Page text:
Measuring and communicating operational performance cuts across all parts of an organization. Converting to the new standard will affect insurers’ information technology systems and processes, including its actuarial modeling and valuation systems and financial reporting systems.
Depending on an insurer’s current accounting and internal reporting framework, the type and amount of data needed may differ significantly from current reporting under IFRS. Some insurers may face the need to support multiple reporting platforms for IFRS, US GAAP and internal reporting. Many are dependent on a web of legacy systems and have significant and extended close processes. Transition plans need to address the type of enterprise resource planning system, whether it has been kept current, the level of customization, and the use of outsourcing. Complying with these IT requirements will have hard deadlines, and will compete for the time, attention and resources needed for other technology priorities affecting customer service.
Developing a common understanding of the proposal’s impacts will involve many different functions within an insurer’s organization, including client-facing functions and processes, as well as the back office. Clear and open communication with IT will be vital. Making strategic and tactical decisions about the potential impact on information systems and business processes early in the transition project will help limit both costs and risks to insurers arising from duplication of effort of changes in approach at a later stage.
The systems changes could also be designed to capture new demographic and market data to help design new specialized products for niche markets.
Changing processes and procedures also means changing roles and developing new skills for an insurer’s people. The success or failure of the transition hinges on how effectively an insurer can inform, mobilize and educate them. For example:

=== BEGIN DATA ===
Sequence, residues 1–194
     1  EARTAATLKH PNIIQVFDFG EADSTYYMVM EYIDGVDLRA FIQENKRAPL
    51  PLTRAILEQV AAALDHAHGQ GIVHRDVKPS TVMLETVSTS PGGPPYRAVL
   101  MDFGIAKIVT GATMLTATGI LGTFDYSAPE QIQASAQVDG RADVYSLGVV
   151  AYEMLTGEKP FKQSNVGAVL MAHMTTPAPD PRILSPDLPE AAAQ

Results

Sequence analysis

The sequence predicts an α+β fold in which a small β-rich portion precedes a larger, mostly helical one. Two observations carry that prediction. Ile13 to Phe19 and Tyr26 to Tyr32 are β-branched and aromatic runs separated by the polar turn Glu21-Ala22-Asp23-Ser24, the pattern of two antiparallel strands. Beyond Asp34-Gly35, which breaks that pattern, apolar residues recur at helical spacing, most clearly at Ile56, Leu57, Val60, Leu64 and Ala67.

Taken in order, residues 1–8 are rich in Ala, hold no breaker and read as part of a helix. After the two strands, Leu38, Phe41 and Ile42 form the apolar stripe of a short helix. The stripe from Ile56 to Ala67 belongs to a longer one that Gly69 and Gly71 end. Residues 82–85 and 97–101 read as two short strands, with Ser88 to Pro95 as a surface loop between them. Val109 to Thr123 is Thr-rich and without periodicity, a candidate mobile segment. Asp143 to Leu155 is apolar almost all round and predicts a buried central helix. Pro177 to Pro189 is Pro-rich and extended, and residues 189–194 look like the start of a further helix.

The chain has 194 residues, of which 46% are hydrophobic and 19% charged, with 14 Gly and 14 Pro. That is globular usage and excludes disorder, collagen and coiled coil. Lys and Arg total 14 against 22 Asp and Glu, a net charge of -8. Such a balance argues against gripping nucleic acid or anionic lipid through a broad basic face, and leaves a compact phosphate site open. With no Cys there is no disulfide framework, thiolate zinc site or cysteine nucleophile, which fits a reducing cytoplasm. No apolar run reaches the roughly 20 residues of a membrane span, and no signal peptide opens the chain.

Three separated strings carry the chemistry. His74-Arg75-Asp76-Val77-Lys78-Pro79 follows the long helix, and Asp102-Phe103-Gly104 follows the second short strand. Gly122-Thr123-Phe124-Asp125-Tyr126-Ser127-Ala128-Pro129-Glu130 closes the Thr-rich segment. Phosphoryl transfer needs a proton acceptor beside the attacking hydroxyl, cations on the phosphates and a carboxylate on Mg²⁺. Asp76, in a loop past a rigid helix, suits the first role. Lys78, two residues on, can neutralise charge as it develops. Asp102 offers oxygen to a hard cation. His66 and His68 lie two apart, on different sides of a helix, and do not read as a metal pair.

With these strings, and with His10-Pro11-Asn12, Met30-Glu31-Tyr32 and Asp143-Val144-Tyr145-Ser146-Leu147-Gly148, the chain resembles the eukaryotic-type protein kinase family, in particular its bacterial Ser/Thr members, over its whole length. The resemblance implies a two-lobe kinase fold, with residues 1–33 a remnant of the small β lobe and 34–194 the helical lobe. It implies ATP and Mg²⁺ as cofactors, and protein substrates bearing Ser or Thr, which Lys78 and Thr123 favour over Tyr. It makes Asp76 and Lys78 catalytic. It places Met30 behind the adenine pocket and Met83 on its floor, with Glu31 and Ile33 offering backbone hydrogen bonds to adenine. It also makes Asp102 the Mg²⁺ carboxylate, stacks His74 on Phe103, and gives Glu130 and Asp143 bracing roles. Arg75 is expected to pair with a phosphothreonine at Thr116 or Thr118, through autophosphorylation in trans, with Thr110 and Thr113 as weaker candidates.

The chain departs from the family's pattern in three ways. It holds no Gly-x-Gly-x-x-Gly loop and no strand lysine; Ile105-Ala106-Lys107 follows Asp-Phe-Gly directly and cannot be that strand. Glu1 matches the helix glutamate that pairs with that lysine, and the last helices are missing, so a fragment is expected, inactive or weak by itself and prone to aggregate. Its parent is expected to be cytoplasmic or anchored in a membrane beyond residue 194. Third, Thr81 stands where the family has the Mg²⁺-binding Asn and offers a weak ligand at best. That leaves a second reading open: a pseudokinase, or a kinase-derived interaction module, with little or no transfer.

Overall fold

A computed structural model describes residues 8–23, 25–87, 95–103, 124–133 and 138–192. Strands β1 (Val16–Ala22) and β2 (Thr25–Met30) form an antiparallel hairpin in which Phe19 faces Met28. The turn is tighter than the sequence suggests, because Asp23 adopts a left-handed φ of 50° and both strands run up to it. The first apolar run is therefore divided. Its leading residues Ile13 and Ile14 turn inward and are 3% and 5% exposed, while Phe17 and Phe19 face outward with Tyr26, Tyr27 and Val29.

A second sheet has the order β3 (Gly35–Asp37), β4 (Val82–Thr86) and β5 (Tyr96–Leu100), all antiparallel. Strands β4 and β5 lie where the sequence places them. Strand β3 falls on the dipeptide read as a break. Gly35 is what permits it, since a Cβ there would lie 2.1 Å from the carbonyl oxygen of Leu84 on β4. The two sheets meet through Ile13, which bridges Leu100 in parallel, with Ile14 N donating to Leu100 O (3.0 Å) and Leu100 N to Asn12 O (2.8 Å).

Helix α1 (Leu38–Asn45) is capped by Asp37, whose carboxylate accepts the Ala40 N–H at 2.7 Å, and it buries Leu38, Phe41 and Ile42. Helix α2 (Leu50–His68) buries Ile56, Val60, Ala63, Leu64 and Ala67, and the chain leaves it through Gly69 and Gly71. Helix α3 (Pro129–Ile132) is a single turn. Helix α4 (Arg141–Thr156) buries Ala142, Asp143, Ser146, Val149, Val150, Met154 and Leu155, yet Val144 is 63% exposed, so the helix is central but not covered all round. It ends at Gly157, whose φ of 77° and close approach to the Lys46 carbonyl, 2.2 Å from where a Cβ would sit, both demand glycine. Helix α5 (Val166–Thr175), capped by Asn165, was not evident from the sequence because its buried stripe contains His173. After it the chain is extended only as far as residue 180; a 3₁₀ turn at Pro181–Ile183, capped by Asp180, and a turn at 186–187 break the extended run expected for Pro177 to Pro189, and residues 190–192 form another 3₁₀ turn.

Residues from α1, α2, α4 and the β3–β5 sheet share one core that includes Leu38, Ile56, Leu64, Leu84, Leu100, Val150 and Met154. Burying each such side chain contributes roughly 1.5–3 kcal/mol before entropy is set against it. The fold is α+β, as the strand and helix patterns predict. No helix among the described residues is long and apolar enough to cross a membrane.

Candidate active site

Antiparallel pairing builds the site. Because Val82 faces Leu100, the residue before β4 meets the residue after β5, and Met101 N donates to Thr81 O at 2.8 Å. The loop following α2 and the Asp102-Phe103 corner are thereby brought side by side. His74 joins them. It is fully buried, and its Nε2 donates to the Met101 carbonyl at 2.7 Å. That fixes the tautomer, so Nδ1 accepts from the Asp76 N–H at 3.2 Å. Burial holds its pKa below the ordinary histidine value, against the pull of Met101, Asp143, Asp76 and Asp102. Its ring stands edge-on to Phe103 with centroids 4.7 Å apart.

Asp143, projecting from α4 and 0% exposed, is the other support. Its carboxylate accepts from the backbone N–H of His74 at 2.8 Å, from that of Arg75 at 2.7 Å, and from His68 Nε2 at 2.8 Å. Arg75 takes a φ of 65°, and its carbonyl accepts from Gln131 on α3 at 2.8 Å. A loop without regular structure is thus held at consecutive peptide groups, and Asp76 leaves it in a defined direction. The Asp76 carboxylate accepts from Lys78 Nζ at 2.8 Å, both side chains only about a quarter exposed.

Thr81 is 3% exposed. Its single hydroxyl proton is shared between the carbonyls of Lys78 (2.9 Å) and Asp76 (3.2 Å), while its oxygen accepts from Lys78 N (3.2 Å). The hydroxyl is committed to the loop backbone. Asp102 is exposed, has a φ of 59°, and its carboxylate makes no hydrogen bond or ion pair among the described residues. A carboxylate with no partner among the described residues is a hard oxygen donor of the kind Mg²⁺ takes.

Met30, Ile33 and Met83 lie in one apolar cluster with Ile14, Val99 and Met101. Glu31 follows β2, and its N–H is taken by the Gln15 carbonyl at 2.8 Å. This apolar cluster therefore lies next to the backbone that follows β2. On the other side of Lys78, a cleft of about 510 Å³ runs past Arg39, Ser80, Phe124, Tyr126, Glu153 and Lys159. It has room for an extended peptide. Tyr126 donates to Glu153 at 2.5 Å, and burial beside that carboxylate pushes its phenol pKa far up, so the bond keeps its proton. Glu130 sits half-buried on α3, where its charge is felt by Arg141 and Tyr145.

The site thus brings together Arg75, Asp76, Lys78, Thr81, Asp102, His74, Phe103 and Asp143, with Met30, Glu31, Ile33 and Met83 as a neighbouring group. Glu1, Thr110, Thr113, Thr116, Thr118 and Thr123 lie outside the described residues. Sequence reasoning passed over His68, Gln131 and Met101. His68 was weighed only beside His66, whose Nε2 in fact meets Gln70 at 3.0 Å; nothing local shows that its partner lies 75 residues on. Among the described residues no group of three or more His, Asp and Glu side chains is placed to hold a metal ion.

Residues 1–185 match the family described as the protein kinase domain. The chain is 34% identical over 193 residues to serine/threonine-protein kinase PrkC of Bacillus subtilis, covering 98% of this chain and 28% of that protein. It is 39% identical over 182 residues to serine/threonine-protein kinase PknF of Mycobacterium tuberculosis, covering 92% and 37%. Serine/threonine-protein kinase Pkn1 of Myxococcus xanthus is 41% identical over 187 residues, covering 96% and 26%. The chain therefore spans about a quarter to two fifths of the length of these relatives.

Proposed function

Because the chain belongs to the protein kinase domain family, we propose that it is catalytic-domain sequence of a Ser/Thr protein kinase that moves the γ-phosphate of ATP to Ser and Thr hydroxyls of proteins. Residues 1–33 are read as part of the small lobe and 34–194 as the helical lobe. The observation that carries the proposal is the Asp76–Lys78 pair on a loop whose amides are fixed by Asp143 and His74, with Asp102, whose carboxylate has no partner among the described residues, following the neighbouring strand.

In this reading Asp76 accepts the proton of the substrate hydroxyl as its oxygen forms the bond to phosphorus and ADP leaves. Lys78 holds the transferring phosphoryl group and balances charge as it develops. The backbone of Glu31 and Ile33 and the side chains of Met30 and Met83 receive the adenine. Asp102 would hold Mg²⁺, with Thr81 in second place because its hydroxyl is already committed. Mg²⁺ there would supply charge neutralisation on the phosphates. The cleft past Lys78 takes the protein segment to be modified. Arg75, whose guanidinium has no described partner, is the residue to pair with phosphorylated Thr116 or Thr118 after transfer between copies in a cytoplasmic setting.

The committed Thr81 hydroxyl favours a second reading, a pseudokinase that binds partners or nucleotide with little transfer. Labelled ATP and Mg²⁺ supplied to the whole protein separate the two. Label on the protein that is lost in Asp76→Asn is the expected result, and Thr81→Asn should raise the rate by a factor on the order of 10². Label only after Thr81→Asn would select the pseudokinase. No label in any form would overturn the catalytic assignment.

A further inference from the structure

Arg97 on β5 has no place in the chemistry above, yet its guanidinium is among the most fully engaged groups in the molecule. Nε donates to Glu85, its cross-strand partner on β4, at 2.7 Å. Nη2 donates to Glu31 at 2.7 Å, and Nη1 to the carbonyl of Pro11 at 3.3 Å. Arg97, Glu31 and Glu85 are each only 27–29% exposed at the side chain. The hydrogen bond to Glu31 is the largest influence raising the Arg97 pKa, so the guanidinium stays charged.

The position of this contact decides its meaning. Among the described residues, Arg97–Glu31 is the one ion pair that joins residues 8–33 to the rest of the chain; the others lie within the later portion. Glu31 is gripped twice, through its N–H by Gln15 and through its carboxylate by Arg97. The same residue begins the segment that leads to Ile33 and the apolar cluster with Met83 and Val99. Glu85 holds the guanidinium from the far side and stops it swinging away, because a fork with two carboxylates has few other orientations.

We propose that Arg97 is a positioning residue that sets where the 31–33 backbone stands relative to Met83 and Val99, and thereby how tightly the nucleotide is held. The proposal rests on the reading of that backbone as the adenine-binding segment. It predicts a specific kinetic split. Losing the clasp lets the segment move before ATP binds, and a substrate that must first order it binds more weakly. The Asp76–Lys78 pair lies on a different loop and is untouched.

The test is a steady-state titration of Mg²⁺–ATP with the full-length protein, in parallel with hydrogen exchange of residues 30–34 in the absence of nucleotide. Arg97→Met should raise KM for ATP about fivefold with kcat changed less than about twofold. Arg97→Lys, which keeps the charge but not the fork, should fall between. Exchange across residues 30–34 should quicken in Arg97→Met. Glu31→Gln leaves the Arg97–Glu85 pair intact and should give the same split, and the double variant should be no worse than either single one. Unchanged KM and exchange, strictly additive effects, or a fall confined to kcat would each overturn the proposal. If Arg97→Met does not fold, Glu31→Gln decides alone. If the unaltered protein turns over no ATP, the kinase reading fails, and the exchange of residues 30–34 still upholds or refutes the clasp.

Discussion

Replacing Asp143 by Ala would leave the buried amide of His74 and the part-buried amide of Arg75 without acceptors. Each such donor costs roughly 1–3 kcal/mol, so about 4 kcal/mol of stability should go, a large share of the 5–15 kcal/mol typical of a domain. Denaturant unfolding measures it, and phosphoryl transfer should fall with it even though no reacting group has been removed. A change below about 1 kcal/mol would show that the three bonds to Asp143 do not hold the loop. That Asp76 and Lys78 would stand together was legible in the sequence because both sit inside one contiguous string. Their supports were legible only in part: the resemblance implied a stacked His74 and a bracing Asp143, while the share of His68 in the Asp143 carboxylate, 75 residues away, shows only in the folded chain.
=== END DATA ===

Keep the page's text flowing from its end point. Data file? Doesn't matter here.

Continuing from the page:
Planning for the transition is more than an accounting exercise. Insurers will need to take a company-wide approach that considers the needs and interconnections between accounting and reporting, systems and processes, people and the business. Insurers will also need to ensure their plan makes the most of opportunities to develop new products and new markets, eliminate duplication of effort in both internal and external reporting, and present a more integrated view of the business a whole. As mentioned above, brokers will need to understand some of the same issues to the extent they need to respond to questions and concerns of customers who may notice differences in what their insurers communicate to the public.
Transition from the Broker’s Viewpoint
As key intermediaries between policyholders and the insurers, brokers will need to understand the proposed IFRS changes too. As currently proposed, the new accounting will take some getting used to. There will be substantially more information available for brokers to sift through, and the headline statistics for profit and capital will be more “jumpy.” Accounting changes will affect the reporting of both operating results and capital, but not the economic reality of the business, and responsible insurers will seek to bridge that gap in explaining their results. Brokers will need to understand and critically evaluate the new financial reporting from insurers. Hopefully, the final version of the standards will not, as feared, lead to less choice and availability in the long-term products that Canadians have come to value and rely on.
Copyright 2011 Rogers Publishing Ltd. This article first appeared in the July/August 2011 edition of Canadian Insurance Top Broker magazine.
This story was originally published by Canadian Insurance Top Broker.